Her approach to clothes was also super modern, according to Ruffieux, who in his first week at the house hit the Carven archives at the Palais Galliera, plumped, he said, with draped dresses characteristic of the era in graphic, bi-color versions, but also couture gowns in African boubou fabrics, a direction that can be felt in his own collection.
The idea of a creative director role in a Parisian house has been a long time coming for the Swiss talent, who has known he wanted to be a designer since he was eight, growing up near the Lac de Joux in the Joux Valley in northwest Switzerland, the cradle of high-end watchmaking, and an area of great beauty where “you can swim in the lake in the summer and go ice-skating in the winter.”
Ruffieux’s father was a master watchmaker at Jaeger-LeCoultre, and had a passion “for the minutiae details and for doing things with patience.” But the family member who had the biggest influence on him was his eccentric great-aunt, who was a couturier at Schiaparelli. “Maybe it’s in the blood,” he shrugged. “Already as a young boy, I was excited by the idea of fashion and Paris.”
Ruffieux has poured himself into the Carven collection, but likes to think what he’s doing reflects what the house founder would have been doing today. He describes his own signatures as the cuts, the freedom, and the mix of references. “I’m all about contrasts, I like playing and mixing things up, pulling things apart.”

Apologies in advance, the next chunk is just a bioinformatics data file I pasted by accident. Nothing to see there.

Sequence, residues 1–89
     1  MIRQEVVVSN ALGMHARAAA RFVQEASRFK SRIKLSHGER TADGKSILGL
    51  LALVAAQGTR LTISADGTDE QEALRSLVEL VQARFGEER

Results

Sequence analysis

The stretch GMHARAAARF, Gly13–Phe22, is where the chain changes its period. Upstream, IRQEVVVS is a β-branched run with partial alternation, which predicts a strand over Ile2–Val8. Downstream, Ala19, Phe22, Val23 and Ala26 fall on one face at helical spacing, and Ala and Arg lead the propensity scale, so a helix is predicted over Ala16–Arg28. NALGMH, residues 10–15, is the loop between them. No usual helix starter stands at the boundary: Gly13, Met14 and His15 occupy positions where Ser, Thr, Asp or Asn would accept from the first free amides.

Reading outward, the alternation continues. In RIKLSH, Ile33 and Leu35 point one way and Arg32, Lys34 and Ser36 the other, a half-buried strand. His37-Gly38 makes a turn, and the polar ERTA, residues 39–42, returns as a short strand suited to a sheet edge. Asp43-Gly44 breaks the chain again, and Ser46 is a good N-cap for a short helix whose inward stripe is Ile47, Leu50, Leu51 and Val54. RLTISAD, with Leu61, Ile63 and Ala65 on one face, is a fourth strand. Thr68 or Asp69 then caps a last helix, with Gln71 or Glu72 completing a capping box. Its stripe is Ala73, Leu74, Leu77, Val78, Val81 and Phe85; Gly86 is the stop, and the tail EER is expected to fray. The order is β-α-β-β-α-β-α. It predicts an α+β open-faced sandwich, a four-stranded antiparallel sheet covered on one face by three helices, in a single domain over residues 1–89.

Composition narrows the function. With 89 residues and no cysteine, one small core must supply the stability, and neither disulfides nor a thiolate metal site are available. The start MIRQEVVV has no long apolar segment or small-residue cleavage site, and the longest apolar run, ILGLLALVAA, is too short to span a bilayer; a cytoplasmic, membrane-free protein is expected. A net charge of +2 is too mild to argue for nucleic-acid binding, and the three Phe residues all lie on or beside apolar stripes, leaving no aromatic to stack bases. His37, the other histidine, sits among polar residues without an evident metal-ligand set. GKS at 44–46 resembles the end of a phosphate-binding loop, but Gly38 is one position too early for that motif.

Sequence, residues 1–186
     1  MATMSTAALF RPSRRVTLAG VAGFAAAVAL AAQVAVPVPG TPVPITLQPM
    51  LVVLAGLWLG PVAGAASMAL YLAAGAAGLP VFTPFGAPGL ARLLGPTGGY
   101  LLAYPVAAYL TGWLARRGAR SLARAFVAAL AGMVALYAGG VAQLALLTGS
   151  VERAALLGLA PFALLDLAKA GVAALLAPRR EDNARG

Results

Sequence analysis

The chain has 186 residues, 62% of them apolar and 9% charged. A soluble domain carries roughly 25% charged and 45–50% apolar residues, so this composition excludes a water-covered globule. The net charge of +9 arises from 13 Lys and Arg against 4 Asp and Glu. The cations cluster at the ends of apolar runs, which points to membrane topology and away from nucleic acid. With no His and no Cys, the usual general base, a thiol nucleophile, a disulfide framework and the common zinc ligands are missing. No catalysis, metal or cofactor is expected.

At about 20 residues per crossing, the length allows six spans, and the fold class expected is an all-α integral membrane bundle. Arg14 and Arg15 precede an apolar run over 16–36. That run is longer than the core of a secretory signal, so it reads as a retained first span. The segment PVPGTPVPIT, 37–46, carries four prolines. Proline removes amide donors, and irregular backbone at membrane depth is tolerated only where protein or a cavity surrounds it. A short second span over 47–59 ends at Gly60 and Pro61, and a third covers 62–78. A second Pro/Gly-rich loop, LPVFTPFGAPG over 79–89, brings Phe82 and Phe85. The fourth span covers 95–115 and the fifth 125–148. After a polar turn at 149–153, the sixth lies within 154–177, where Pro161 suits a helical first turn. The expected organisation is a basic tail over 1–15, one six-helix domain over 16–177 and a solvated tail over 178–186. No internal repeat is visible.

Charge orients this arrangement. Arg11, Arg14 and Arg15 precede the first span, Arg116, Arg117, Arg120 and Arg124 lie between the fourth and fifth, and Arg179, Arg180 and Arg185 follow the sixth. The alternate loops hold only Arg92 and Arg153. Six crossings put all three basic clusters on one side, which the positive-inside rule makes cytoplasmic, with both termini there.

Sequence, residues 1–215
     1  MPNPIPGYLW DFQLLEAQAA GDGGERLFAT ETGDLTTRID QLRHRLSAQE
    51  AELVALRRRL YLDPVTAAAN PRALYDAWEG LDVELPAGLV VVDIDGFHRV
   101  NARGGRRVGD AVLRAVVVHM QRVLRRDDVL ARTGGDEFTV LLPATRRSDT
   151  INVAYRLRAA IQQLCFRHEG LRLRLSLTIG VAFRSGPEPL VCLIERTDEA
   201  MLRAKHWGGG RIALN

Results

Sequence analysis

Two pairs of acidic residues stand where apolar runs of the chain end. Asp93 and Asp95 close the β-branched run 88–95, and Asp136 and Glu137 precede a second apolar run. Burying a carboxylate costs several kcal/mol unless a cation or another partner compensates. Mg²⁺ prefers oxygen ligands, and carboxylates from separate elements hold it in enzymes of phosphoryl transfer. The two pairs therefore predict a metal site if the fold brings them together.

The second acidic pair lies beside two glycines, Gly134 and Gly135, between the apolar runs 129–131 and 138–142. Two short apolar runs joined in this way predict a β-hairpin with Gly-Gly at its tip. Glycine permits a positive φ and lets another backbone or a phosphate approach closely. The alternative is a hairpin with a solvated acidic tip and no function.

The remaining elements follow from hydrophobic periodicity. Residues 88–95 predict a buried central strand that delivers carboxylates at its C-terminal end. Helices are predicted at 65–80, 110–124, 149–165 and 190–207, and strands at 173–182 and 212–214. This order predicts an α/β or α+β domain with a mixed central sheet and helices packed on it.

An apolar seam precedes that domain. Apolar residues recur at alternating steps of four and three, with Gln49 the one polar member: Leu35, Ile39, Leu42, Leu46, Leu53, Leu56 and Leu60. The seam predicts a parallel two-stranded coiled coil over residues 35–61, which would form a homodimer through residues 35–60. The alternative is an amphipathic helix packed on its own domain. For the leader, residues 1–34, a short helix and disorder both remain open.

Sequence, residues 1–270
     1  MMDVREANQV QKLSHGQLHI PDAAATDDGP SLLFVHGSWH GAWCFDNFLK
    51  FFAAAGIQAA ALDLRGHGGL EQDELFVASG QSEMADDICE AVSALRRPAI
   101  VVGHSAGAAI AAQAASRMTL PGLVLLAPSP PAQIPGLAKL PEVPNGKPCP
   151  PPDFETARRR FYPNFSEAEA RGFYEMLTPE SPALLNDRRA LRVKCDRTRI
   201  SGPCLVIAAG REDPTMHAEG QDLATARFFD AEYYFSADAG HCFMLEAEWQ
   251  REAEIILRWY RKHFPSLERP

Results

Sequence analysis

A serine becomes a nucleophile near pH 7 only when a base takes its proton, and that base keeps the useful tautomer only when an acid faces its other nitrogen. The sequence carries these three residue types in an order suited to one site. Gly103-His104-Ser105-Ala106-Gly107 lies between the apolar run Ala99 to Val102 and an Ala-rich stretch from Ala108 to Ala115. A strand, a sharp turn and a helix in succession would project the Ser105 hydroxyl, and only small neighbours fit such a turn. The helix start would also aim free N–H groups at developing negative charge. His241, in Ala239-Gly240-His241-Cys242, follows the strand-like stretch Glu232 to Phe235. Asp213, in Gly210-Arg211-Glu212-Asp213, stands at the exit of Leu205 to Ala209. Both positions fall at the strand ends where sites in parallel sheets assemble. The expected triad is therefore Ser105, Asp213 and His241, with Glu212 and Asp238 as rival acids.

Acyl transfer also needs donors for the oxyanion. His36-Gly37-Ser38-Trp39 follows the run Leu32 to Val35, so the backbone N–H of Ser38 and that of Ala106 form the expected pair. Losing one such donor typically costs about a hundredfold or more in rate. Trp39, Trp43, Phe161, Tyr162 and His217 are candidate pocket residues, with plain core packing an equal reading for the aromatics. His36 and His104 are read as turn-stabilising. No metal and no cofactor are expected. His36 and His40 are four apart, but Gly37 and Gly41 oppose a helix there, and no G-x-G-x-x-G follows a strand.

A fun, escapist, cut-and-paste mood pervades his collection, playing on relaxed, hybrid, summery silhouettes accessorized with futuristic-Fifties shades and multicolor out-of-Africa flats mixing hand-braided leather, whip stitches and fringing. Case in point: A two-tone army- and bottle-green polo dress fusing a polo shirt collar with a loose, ruched satin dress with feminine couture details.
Like Madame Carven, travel is a major source of inspiration, but the designer especially likes to “imagine places I’ve never been to.” His choice of show venue — the Jussieu university — reflects his melting-pot stance. “I like the idea of it being a democratic university, of all types of people mixing together, students from everywhere,” said Ruffieux, who for Carven’s inviting new chapter explores fun clashes, such as fragments of embroidery sprinkled on cream ivory pants, mixing the raw and the refined.
“Madame Carven was known for this fresh, cute-girl look, but it was also a house known for Parisian savoir-faire,” said the designer, who plans to uphold the tradition. Details in the collection include crafty, colored stitching accents and a silver chain fixed at the nape of garments ending in a C.
“Here [in the current headquarters in Paris Saint-Germain district] we also have the atelier on site. The collections are made in-house, with a lot of people who followed me on the team. I’m intent to keeping the quality top-notch, even if the prices cap at 1,200 euros. I still work with the fabric suppliers I worked with at the big houses,” said Ruffieux. “I work with the best, and I want the best for this house.”